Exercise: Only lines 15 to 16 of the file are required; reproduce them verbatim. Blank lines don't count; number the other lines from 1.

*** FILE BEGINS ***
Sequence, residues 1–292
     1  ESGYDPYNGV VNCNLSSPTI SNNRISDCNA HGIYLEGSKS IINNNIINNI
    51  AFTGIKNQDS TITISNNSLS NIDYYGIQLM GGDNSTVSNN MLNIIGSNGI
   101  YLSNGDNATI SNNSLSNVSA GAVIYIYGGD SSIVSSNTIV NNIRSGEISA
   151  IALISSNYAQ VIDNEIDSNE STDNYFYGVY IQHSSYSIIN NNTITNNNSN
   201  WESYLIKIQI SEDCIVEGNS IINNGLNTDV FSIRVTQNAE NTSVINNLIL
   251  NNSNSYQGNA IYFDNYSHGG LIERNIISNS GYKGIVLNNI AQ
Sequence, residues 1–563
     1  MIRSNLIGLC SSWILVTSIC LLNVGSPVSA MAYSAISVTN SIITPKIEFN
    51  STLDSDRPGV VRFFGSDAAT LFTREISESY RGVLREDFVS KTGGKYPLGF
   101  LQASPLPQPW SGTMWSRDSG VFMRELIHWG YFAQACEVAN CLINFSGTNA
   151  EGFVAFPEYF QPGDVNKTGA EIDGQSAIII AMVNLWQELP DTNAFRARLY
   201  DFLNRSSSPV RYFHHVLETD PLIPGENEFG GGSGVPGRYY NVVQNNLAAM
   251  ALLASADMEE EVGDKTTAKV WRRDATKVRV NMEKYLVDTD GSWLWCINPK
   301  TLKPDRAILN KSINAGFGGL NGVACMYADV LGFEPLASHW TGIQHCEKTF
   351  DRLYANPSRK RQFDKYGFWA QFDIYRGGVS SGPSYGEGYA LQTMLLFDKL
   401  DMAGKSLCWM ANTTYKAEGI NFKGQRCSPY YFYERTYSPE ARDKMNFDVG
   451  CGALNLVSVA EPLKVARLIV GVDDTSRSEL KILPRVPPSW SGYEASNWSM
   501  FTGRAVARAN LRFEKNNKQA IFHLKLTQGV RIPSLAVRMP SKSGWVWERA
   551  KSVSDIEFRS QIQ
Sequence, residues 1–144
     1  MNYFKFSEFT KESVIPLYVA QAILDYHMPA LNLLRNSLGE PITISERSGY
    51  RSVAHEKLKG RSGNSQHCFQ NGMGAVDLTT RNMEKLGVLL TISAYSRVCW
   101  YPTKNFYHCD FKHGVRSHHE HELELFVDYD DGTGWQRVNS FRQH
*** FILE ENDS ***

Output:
   301  TLKPDRAILN KSINAGFGGL NGVACMYADV LGFEPLASHW TGIQHCEKTF
   351  DRLYANPSRK RQFDKYGFWA QFDIYRGGVS SGPSYGEGYA LQTMLLFDKL